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I read the author's "How to Spot Hidden Alcoholics: Behavioral Clues...." before I read "Drunks, Drugs and Debits". The former book is more concise, and a fast read. It introduces Thorburn's basic theory about the nature of alcohol and drug addiction in a way that clarifies some typical confusion we encounter when dealing with persons whose behaviors cause us frustration and grief. When I had finished it, I felt as if a window had been cleared of heavy soil, so that light at last came through it, along with the details of the landscape. I wanted to find out more, so I bought Doug Thorburn's first book, "Drunks, Drugs and Debits." I especially like what the author had to say about not being a professional, nor an alcoholic, because there is so much he would have had to unlearn if he were, in order to write his books. Learning the biological basis of addiction is refreshing. It removes the need to wrestle with blame, and with issues of character and will-power, which traditionally have led to evasiveness when dealing with persons who are a threat of one sort or another to themselves or to us.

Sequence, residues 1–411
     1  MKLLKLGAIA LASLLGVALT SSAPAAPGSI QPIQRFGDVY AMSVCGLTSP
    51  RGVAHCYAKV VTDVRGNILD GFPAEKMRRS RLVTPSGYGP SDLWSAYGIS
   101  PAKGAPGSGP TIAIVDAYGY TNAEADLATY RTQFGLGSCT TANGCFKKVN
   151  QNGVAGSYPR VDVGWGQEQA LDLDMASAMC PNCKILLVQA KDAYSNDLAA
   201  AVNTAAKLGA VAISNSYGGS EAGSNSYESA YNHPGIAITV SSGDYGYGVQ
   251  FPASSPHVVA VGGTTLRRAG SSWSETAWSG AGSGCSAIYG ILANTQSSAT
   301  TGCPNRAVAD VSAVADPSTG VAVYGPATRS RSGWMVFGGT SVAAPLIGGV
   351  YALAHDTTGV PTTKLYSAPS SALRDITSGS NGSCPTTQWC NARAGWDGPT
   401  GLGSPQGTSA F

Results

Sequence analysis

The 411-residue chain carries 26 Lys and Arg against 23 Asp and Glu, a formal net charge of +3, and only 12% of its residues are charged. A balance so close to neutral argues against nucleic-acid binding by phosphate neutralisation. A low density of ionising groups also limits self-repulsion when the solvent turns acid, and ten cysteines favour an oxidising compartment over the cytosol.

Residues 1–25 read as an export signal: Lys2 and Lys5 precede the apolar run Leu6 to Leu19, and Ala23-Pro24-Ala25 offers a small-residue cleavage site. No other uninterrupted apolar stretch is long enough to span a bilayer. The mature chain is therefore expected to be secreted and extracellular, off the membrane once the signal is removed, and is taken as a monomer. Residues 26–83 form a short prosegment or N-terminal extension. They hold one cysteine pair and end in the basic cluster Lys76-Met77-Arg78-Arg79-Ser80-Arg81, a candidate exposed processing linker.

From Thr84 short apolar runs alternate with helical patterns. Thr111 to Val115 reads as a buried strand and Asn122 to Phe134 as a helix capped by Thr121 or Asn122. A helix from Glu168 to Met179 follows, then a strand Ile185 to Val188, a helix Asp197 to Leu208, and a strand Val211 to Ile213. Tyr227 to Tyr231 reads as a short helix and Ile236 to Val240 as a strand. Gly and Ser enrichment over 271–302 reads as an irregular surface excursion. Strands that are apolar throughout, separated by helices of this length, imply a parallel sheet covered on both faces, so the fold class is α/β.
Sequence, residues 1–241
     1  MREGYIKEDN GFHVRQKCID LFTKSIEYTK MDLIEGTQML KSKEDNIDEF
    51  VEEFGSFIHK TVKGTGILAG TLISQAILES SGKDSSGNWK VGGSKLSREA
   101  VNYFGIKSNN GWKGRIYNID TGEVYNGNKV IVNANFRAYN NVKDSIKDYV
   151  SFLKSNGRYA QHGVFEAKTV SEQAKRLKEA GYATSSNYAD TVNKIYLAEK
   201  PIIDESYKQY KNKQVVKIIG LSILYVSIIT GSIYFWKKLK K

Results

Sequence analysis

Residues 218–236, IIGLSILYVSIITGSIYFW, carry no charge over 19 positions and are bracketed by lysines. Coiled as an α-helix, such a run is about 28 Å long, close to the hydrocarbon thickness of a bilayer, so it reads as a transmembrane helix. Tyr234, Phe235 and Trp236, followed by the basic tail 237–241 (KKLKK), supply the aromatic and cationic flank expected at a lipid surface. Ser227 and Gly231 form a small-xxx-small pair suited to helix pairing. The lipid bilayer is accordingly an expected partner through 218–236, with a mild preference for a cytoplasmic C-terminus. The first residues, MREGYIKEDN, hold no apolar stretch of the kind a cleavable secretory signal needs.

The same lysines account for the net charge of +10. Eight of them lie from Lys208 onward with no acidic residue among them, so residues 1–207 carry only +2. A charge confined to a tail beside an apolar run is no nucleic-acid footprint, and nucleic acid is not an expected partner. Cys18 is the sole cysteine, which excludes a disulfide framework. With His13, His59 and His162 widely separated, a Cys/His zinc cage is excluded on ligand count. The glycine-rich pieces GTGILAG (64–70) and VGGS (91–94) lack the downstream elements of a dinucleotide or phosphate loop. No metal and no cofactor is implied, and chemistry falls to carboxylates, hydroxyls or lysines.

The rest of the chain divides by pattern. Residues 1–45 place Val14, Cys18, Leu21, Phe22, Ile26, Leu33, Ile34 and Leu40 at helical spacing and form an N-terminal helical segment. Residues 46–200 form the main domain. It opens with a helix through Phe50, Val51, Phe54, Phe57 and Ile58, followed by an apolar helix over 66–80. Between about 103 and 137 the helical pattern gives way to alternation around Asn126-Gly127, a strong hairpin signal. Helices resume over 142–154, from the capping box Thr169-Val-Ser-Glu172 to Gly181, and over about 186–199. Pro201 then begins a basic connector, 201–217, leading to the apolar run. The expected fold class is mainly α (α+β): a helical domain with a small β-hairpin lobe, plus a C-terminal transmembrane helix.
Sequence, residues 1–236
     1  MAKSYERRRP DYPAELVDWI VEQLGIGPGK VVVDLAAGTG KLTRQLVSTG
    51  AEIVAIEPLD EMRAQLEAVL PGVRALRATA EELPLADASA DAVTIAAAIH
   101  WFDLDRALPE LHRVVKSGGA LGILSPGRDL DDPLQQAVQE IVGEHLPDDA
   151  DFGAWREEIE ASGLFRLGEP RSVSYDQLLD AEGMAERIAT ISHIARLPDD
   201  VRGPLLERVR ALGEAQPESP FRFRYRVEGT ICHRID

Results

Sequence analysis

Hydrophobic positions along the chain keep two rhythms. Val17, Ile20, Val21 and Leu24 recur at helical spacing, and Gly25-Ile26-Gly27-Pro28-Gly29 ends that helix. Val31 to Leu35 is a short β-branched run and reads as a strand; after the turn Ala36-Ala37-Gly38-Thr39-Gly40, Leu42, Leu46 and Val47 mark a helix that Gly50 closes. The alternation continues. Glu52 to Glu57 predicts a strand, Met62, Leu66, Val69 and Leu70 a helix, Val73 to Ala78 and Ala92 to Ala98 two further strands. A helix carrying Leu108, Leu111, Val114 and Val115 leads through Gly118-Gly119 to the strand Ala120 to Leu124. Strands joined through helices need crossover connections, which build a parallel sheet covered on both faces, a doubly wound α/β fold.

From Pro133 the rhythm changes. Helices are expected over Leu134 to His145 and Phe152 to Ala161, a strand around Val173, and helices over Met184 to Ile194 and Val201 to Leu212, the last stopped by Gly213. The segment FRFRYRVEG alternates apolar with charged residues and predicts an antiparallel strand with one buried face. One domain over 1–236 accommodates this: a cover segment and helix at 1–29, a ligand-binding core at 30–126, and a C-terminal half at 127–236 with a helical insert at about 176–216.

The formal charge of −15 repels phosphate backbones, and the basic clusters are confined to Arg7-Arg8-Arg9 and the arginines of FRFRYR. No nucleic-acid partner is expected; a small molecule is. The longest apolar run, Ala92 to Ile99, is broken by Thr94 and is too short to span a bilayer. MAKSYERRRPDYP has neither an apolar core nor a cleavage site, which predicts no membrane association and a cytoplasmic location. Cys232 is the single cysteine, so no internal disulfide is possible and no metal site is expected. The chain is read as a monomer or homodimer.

This book covers much more ground, and has some material in it about protecting oneself financially , and about enabling, that is priceless. I come from an extended family in which there are a number of alcoholics, and had made a big mistake in having married (a hidden) one, from whom I literally escaped with my life, so over the years, I had attended Al Anon meetings, and read all kinds of self-help books on the subject. Never before has the picture been clearer than it now is. Had I read either of Thorburn's books, I would have known better than to enter that terrifying marriage.